Philippine police investigate Islamist militants′ threat to kill German hostage | News | DW | 24.09.2014
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Philippine police investigate Islamist militants' threat to kill German hostage

Philippine police are investigating apparent Islamist threats to kill one of two German hostages. The group has demanded a ransom of over $5 million (over 3.9 million euro) and an end to German anti-IS support.

Reports of images showing two German hostages held by Islamist militants in the southern Philippines are being investigated by the Philippines police, the SITE monitoring service said on Wednesday.

The photos showed Stefan Okonek, 71, and Henrike Diesen, 55, who were taken hostage in April, surrounded by hooded armed militants, including one holding a machete.

The images, which have circulated on Twitter, were reportedly accompanied by a threat from Abu Sayyaf rebels to kill one of the two captives, unless a ransom of over $5.6 million (4.36 million euro) was paid and Germany ceases to support US attacks against the "Islamic State" (IS) in Iraq and Syria.

According to the SITE intelligence group, the group warned they "will slaughter one of (the) two hostages" if the demands were not met within 15 days.

"As far as such demands, we are verifying these," said Senior Superintendent Abraham Orbita, police chief of the southern province of Sulu, where the German hostages are believed to be held by Abu Sayyaf rebels.

A German foreign ministry spokesperson said on Wednesday that Berlin would not change its policy following the reports.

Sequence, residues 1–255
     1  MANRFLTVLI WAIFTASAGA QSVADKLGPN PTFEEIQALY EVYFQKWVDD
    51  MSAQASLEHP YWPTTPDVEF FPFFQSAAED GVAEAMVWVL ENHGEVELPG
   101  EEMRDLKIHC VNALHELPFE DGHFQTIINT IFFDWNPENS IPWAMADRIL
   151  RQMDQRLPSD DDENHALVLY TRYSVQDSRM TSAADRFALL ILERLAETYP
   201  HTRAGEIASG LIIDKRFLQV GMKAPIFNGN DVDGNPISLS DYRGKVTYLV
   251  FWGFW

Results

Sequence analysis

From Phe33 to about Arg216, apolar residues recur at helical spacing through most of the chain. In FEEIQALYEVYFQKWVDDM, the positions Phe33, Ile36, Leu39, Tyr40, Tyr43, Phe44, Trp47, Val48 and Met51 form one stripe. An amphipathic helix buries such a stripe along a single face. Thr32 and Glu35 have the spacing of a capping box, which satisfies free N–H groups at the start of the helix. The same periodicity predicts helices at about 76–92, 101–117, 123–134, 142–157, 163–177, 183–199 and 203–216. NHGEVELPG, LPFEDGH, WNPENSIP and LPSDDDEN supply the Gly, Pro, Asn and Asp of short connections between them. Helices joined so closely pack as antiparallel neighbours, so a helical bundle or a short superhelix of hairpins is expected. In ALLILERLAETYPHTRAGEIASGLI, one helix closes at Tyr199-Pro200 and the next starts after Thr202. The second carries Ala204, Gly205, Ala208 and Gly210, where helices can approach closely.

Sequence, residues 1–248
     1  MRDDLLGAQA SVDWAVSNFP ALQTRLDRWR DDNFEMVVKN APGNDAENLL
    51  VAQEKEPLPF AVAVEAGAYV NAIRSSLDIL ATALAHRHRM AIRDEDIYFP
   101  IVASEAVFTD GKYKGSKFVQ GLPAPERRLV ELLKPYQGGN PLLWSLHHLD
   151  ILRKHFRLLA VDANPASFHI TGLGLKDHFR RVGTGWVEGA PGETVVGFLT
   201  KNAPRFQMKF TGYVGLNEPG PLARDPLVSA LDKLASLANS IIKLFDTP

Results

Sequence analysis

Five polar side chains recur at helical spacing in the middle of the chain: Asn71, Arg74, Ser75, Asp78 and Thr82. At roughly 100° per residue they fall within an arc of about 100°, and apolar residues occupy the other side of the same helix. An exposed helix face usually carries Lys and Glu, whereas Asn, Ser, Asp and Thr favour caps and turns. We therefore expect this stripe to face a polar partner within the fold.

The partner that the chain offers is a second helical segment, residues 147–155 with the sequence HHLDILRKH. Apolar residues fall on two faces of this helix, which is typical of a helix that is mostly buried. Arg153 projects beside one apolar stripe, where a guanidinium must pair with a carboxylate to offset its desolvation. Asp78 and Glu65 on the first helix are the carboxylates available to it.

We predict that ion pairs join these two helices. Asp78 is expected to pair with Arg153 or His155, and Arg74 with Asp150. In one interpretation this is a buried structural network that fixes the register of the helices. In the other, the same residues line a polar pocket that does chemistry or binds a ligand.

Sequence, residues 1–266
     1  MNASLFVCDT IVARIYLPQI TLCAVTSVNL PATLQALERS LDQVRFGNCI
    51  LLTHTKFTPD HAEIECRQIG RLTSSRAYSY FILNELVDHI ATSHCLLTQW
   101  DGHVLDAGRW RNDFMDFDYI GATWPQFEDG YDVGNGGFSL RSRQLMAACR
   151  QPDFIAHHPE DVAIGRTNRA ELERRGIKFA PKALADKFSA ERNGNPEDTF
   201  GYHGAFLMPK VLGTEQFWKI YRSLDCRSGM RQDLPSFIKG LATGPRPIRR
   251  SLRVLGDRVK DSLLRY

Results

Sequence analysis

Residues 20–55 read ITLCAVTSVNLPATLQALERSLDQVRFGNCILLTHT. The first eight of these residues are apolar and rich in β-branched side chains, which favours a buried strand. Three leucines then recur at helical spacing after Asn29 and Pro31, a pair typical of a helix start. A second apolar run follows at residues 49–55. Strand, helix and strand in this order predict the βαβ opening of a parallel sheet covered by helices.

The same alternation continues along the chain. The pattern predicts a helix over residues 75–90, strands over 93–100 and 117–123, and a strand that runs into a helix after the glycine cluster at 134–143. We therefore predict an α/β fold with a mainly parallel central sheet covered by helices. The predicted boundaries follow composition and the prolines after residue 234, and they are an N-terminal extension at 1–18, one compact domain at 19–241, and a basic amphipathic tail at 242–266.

"We heard about the report and I would like to say one thing: threats are not an appropriate way to influence our policy in Syria and Iraq," she said.

Okonek and Diesen are thought to have been seized by Abu Sayyaf rebels from their yacht at gunpoint off the western province of Palawan on April 25.

German weapons

Al Qaeda-linked Abu Sayyaf rose to prominence in the early 2000s by taking foreigners hostage with a focus on kidnap-for-ransom and other criminal activities, including beheadings and bombings. The group is also currently holding Dutch, Swiss, Japanese and Filipino hostages in the south of the predominantly Roman Catholic state.

On Wednesday, the German government also began its arms delivery to Kurds fighting against IS in Iraq. A day earlier, the US and its Arab allies bombed Islamic State targets inside Syria for the first time - also striking a little-known al Qaeda cell on Tuesday called Khorasan, which officials said presented a more urgent threat to the West.

ksb/bw (Reuters, dpa)

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